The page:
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c. 1005-1089. Archbishop of Canterbury from 1070. Born in Pavia, he studied and practiced law before becoming a pupil of Berengar of Tours (1035). An excellent student of logic, he opened a school at Avranches (1039), but gave up his work and entered the Benedictine abbey of Bec in 1042. There he started another school that became famous throughout Europe, numbering among its alumni Anselm of Canterbury and Ivo of Chartres. Lanfranc also became an adviser to the future William I (the Conqueror) of England while the king was duke of Normandy. Against his inclinations and only because of papal orders, Lanfranc was consecrated archbishop of Canterbury. With the support of William he reformed the church by enforcing clerical celibacy, purifying the cathedral chapters, and introducing Norman personnel committed to the Hildebrandine reform program into England. Although he enjoyed the full confidence of William I, the reform movement alienated him from William II (Rufus). Lanfranc's work as a theologian includes glosses on the epistles of Paul and participation in controversies over the nature of Holy Communion. He developed the teaching of transubstantiation in opposition to Berengar of Tours at the Council of Rome and Vercelli (1050), at Tours (1059), and in his Liber de Corpore et Sanguine Domini (1059-1066).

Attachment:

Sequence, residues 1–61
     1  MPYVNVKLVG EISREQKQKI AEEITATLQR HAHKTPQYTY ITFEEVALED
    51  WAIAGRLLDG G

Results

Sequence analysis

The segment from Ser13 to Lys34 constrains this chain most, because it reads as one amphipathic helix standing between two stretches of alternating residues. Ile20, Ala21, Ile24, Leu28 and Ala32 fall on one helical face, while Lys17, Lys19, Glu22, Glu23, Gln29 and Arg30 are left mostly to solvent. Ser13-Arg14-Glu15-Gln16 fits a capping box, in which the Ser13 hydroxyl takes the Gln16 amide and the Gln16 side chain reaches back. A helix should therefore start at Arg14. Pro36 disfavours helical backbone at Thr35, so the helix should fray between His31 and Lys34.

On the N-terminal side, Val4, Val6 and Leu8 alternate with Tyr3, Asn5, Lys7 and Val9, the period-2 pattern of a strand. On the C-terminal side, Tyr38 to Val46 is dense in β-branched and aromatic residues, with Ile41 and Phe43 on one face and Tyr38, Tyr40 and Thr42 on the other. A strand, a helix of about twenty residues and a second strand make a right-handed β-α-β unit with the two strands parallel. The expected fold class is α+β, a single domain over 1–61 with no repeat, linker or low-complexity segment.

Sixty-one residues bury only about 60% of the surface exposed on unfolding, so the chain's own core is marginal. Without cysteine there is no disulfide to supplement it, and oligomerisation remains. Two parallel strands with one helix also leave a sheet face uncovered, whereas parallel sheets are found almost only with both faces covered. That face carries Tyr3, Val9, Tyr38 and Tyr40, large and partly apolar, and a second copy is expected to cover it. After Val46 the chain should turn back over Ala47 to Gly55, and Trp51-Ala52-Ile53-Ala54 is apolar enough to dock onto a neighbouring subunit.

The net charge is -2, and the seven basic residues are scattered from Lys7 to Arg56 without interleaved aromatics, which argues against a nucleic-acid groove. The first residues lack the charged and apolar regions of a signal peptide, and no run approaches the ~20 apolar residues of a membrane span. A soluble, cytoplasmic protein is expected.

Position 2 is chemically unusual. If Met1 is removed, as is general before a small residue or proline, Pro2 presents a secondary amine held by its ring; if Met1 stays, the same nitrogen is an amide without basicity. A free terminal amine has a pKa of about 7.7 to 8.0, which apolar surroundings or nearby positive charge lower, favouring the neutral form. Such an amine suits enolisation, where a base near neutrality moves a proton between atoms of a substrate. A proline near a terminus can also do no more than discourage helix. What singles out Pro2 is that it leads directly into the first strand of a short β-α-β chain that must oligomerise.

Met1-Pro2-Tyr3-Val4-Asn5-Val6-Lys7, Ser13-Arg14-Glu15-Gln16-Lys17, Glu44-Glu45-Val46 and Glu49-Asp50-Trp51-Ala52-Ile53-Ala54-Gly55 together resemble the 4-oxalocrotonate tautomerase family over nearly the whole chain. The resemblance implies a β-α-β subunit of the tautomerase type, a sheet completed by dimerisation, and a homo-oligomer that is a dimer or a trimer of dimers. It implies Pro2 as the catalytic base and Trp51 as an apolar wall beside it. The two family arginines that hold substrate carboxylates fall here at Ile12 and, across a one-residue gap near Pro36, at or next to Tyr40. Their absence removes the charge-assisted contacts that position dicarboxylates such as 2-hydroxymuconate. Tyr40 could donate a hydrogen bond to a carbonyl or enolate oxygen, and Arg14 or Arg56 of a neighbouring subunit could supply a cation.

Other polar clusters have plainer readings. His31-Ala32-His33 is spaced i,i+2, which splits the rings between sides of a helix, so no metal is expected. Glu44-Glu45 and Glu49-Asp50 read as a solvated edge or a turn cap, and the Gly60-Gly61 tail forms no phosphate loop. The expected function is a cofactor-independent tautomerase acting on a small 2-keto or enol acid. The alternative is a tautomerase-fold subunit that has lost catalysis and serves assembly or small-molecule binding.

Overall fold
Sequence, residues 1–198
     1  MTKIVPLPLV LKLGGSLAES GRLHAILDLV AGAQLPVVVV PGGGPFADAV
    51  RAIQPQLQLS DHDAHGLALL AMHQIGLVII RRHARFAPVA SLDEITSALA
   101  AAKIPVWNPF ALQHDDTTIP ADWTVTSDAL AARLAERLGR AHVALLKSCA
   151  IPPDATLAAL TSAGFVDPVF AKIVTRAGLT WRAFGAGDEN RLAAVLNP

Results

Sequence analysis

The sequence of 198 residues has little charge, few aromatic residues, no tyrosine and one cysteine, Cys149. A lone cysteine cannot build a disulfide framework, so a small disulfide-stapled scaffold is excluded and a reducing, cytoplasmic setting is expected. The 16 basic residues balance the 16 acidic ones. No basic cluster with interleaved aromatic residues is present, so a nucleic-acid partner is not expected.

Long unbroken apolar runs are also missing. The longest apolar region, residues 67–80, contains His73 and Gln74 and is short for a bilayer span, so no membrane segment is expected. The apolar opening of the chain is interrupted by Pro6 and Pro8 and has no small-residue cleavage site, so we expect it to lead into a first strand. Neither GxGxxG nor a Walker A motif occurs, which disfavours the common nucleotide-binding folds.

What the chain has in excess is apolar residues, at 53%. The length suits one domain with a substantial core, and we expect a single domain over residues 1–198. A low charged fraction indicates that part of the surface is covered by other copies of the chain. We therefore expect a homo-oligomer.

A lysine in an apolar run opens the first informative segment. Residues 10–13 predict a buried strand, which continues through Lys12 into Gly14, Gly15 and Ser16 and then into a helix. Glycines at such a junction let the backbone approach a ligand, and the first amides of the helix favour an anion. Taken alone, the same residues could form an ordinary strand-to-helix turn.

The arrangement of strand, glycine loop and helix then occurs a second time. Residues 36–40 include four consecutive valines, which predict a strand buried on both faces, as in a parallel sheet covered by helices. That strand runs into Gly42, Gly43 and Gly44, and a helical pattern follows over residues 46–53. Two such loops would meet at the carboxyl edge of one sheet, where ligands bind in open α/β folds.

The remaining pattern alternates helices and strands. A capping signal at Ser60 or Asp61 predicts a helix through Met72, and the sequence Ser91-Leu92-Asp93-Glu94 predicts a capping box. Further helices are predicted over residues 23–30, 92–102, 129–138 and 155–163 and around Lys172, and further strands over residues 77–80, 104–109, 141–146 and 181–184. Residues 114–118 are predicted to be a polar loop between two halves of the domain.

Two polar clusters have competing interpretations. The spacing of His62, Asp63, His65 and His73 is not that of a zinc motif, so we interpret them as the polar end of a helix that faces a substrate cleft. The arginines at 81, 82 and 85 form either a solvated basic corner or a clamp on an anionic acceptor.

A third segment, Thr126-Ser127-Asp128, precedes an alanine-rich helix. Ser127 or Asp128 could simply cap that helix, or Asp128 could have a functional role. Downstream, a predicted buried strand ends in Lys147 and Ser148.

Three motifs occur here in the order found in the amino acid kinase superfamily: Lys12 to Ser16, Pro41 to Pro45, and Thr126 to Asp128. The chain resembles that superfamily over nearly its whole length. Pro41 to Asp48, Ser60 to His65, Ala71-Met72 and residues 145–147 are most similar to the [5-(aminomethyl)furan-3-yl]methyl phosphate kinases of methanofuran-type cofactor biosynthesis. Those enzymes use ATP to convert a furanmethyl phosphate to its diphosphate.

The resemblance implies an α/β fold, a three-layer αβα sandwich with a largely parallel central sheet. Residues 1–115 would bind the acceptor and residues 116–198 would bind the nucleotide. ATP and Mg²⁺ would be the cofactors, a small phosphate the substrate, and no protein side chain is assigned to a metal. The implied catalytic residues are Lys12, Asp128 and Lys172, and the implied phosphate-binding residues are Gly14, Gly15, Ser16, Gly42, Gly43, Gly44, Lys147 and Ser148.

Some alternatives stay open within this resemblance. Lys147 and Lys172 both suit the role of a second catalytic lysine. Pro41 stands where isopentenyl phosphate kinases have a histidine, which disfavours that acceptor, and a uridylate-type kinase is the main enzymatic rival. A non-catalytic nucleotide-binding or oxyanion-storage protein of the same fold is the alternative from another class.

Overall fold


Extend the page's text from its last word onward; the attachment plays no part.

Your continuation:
See A.J. MacDonald, Lanfranc: A Study of His Life, Work and Writing (2nd ed., 1944).